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Tyne and Wear HER(6055): Houghton-le-Spring, William Street, Union Workhouse - Details

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Houghton-le-Spring, William Street, Union Workhouse



Health and Welfare


Early Modern


Demolished Building

A workhouse of sorts existed in 1775 when the master was George Watson. In 1824 a larger building was built on the east side of Sunderland Street to accommodate 203 people. There were no children above two years of age. Henry Fairbairns was the Governor of the Poor Law Union in 1855. In 1861 344 paupers were charged to the Common Fund at Houghton Workhouse (328 in 1862, 483 in 1863, 546 in 1864). The Workhouse was replaced in either 1864 or 1877 by a new building on William Street at a cost of £11,000. Architect Matthew Thompson. It could accommodate 200 destitute wives, children and the elderly and had a corridor-plan T-shaped main block with male accomodation to the west and female to the east. Rooms for the elderly were placed at the front of the building, children and the able-bodied at the rear. The master's quarters were at the far western end of the building next to the main entrance. The kitchen and dining hall were in the rear wing of the main block. In 1891 a new boardroom and offices were built. The old boardroom was converted into 'short period' lunatic wards with a padded room. The workhouse staff in 1891 were Edward Forster (master), Margaret Ann Forster (matron), William Hardie (pastor), Mary Hardie (mistress), Isabella Purdy (nurse) and Elizabeth Ann Barrass (nurse). In 1891 the census says the workhouse was only half full. Edward Forster died in 1903. In 1910 the master was Robert Harrison, matron was Annie J Harrison, medical officer was David Scott Park. A death certificate of 1935 names the workhouse as 'Heath House'. In 1968 the last residents of Heath House were transferred to Kentmere House near Grasswell. Heath House became a refuge for women and children. Heath House was still standing in 1973 but was demolished at some point after that. The site is now occupied by Heath Grange housing estate. Many of the inmates of the workhouse and the staff are buried in Hillside Cemetery.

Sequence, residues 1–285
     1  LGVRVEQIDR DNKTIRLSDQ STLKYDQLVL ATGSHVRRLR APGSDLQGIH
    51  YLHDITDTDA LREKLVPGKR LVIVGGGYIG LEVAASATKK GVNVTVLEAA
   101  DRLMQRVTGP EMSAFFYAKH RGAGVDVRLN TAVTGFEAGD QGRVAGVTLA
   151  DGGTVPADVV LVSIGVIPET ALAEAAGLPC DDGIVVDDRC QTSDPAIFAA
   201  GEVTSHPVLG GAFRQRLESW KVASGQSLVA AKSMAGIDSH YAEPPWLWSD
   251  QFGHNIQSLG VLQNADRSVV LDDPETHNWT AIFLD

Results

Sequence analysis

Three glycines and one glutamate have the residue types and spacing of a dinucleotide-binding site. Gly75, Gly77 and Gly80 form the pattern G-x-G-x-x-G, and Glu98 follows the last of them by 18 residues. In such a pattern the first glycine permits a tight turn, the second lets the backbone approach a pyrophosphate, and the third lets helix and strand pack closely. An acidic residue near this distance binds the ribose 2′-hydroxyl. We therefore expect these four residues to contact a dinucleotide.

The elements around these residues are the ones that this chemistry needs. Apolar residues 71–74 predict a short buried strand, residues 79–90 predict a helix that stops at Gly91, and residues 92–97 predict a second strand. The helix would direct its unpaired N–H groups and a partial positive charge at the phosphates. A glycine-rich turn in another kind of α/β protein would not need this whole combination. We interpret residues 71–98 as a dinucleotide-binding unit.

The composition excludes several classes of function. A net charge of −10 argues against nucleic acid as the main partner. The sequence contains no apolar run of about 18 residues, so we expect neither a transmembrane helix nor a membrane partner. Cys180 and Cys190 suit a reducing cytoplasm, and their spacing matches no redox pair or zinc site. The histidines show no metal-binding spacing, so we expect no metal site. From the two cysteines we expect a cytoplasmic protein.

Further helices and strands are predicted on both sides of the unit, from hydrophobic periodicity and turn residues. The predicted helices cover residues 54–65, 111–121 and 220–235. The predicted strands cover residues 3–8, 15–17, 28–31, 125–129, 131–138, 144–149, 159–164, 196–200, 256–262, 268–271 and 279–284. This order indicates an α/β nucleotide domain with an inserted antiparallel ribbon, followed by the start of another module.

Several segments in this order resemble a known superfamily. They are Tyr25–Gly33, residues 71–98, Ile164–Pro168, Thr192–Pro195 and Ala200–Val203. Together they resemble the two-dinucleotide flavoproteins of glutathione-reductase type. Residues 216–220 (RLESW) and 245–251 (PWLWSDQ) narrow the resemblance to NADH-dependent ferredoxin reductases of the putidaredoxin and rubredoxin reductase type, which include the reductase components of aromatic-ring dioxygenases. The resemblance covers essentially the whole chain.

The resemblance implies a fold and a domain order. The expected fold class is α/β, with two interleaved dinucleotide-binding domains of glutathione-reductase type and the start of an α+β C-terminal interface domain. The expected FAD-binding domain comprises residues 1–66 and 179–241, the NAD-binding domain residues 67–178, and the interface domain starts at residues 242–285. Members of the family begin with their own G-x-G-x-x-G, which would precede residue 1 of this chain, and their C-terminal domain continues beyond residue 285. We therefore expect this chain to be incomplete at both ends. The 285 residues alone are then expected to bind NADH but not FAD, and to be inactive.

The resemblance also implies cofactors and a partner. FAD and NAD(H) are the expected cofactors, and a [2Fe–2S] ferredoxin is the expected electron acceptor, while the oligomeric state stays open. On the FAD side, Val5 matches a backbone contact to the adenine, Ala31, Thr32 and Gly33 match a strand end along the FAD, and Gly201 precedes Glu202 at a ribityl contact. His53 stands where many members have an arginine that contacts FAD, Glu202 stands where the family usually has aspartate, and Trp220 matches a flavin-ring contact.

1st edition Ordnance Survey map; Houghton Heritage Trail leaflet, Books of the North, 2004; Paul Lanagan, 2012, Houghton-le-Spring Workhouse, latterly known as Heath House,; Hetton Local & Natural History Society, 2015, The Hetton Village Atlas p445

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